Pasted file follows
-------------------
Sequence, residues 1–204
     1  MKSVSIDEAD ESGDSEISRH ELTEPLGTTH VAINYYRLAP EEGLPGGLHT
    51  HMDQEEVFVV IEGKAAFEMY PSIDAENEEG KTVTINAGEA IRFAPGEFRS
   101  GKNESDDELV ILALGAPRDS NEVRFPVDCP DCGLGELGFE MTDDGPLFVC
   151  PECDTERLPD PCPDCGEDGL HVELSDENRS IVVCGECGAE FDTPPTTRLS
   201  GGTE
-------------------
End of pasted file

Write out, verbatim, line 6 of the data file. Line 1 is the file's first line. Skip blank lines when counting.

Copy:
   201  GGTE